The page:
On Wednesdays I have two classes, geometry at 9:00 am and algebra 105 at 12:00 noon until 1:15. Geometry is a fifty minute class that meets Monday, Wednesday, and Friday. Algebra is a seventy-five minute class that means only on Monday and Wednesday. There are only five students in the geometry class. Geometry is supposed to be a high school subject completed before being admitted to college, but we offer it each spring semester for those who for some reason or another did not get it in high school. I enjoy teaching it. Math 105 is our lower level algebra course. "College algebra" is the name given by most institutions for precalculus math. It is a multi-purpose course. For some it is indeed precalculus, for some students will go on to take calculus and other math courses. But for the majority of students it is a terminal course, required for most majors. Like English composition it is a freshman course to get out of the way as soon and as painlessly as possible. At my community college Math 110 is required for most majors, and Math 105 is prerequisite for 110 except for students who do well enough on the math placement test to start at a higher level. For those who are not ready for 105, as shown by the placement test, we also offer remedial math courses.
The topic for today in geometry is similarity of triangles. Homework 25 is due. Homework 25 is a handout I made. The essential problem on this handout is making a proportion from a pair of given similar triangles, usually given by a diagram. Homework 22, 23, and 24 were also about similar triangles and proportions, developing the needed postulates and theorems which we now apply to solve problems. One might ask how this can take up four homework assignments. Isn't that overkill? Can't you explain the math in ten or fifteen minutes, spend another five or ten minutes doing a few examples, assign homework for more practice, and be done with it? My conclusion is that you can't. At least I can't.
Again and again I underestimate what it takes to teach what seems to be a rather simple topic of math. Again and again I'll plan on taking fifteen or twenty minutes explaining a topic and doing examples, but then find those fifteen or twenty minutes have flown by and I need a lot more time. Did I use the time ineffectively? Maybe, but again and again I reflect back on what I did and said, and not find anything obvious to change. I felt I had to explain that point. I felt I had to give an example of this. A student asked a question and I felt it was important to clarify something. On and on it goes. My conclusion is that it takes a lot of time to explain a new math topic thorough and carefully, more time that it would seem.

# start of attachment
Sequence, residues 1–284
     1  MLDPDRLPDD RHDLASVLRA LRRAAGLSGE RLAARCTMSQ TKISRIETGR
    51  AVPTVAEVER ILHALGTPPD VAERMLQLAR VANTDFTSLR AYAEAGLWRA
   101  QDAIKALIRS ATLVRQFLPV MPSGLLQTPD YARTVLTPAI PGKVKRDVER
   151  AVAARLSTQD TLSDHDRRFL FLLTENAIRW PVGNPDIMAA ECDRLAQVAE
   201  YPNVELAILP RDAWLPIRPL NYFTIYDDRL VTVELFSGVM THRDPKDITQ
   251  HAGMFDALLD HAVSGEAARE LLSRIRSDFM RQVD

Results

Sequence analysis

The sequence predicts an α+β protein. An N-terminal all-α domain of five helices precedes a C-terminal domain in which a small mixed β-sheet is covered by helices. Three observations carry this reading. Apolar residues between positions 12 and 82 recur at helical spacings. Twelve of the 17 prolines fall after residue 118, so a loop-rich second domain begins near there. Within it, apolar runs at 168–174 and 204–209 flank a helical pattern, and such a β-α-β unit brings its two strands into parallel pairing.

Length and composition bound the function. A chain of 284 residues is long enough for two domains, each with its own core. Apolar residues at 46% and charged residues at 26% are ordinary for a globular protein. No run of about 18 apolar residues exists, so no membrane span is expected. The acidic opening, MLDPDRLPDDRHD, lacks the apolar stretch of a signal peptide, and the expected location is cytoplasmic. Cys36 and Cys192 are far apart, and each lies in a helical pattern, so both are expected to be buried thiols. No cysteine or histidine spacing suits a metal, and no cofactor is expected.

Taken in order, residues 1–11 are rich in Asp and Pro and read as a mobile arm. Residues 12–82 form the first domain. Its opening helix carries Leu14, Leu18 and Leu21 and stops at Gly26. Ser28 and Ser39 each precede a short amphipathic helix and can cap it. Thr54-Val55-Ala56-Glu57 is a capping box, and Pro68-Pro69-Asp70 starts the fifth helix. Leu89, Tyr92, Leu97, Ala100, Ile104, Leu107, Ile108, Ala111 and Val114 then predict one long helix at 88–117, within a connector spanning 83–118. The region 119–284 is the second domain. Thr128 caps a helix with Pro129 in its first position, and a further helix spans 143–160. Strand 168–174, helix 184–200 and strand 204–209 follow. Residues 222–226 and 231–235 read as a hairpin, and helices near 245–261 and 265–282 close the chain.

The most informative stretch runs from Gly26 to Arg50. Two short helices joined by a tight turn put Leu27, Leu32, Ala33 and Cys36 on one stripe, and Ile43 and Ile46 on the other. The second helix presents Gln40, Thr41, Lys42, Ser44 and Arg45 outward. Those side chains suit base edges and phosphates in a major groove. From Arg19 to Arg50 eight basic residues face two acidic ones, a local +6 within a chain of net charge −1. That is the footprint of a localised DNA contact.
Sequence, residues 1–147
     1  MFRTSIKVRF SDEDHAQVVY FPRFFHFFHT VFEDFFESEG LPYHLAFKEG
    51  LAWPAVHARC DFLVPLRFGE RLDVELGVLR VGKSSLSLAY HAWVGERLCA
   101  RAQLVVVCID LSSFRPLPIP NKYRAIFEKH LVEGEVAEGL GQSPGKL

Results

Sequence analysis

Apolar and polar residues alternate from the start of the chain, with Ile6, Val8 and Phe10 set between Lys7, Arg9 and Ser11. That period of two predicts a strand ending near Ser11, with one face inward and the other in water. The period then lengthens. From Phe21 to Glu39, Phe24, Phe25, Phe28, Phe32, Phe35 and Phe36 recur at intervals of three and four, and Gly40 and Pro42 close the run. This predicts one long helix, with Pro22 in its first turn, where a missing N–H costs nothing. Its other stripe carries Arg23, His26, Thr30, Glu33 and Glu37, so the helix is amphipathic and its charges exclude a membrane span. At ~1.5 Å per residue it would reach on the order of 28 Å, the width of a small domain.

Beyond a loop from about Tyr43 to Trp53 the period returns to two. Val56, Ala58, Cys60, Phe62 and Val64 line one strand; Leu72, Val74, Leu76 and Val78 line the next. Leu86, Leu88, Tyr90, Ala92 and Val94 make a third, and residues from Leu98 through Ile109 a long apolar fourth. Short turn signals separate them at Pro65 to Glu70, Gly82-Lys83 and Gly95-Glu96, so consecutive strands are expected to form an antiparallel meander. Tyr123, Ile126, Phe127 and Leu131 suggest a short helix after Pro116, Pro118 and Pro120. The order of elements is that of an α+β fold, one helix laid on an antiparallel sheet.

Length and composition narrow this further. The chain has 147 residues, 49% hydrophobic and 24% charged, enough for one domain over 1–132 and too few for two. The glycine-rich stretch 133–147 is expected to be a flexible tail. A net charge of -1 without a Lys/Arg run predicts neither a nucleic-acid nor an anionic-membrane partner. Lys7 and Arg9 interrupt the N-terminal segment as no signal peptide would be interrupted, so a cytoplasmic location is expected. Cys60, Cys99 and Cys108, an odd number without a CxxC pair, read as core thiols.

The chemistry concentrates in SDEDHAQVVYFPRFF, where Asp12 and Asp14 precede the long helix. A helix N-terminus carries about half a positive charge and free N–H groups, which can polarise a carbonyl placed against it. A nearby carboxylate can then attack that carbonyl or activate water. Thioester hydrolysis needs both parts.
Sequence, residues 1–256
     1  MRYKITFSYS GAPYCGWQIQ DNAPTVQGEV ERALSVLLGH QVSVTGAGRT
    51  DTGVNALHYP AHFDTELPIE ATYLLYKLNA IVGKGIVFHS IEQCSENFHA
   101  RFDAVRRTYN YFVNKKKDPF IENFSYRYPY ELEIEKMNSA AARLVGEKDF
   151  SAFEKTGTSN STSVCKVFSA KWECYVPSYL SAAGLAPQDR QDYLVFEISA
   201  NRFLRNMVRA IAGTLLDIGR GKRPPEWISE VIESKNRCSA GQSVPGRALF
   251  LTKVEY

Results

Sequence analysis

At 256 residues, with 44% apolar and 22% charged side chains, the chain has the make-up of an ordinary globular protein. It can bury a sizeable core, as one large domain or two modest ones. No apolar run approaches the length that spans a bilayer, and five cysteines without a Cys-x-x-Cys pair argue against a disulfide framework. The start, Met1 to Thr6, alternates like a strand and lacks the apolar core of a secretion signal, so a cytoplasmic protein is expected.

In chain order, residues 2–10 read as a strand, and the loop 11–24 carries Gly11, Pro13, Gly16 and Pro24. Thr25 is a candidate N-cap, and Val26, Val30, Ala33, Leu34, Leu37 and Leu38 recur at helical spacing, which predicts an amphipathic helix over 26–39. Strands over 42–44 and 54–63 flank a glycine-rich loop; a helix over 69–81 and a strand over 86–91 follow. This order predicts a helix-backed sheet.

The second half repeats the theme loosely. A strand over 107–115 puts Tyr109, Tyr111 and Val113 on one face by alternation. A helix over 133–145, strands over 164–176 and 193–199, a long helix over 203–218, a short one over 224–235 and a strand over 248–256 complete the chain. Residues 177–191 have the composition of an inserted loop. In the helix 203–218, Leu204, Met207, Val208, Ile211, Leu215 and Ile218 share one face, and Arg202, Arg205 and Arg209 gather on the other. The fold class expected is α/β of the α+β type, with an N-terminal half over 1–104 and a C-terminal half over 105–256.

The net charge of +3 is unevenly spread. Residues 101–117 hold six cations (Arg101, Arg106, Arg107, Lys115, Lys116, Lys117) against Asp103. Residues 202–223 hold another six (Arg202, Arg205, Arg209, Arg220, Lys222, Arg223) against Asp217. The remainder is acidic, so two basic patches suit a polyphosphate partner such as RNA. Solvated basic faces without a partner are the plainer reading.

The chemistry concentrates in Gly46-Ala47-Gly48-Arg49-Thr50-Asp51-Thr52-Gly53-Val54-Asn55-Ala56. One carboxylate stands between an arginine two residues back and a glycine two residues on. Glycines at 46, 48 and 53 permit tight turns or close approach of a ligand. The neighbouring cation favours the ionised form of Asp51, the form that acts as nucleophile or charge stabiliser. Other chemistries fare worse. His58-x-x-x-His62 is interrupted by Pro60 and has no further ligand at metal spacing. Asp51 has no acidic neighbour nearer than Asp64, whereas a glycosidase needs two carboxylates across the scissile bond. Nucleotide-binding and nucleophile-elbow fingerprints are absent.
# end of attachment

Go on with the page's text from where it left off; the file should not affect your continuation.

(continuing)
I think this is an important cause of the frustration I feel in trying to pack in all the topics that we are supposed to teach in each course. Curriculum is made by those higher up the ladder than I. When the content of a course is reviewed it probably seems like we should have plenty of time to thoroughly cover the given list of topics. This topic can be explained in fifteen minutes. That topic can be explained in twenty minutes. A third topic should be pretty easy. Students were supposed to learn that in high school. Maybe we can squeeze in matrices. That would be good for students to know and wouldn't take too much time. Wrong, dead wrong, in my view, but that is another story.
So on this day I started the geometry class by answering questions and going over problems on homework 25. That seemed to go well so then I introduced the topic of the day, which is a theorem that says that if a line is drawn parallel to one side of a triangle, cutting the other two sides, the result is similar triangles and that proportions can be made from those similar triangles. Some of those proportions are not at all obvious. They require drawing another line, parallel to another side, and showing that the resulting little triangle down in the corner is similar to both the big triangle and the medium sized triangle produced by the first parallel line. All this seemed understandable to the students, so by the end of the hour I felt they were prepared to tackle homework 26.
At 10:00 I am scheduled to be a tutor in our "learning center" for an hour. The learning center is a room adjacent to my office. My office is my desk in a room shared by myself, another full time math teacher like myself, a part time math teacher, and a part time English teacher. The learning center is a place for students to come and ask for help in math or in English. The tutors who staff this learning center are advanced students who are paid, or teachers like myself. At this particular time, 10:00 on Monday, Wednesdays, and Fridays, I don't get too many students coming for help and I often have the entire hour for grading papers. On this day, as I recall, I helped one of my geometry students for about fifteen minutes, but otherwise graded homework.
Between 11:00 and 12:00 I was in my office preparing for algebra 105 at 12. My usual preparation is to grade the papers handed in the previous day, look in the text book to see what I should cover next, look in my notebook from last semester to see what I did next last semester in 105, and then decide what to do in class today. Last semester the 105 class was a Monday-Wednesday-Friday class with 50 minute periods, so I usually cannot directly translate last semester to this semester.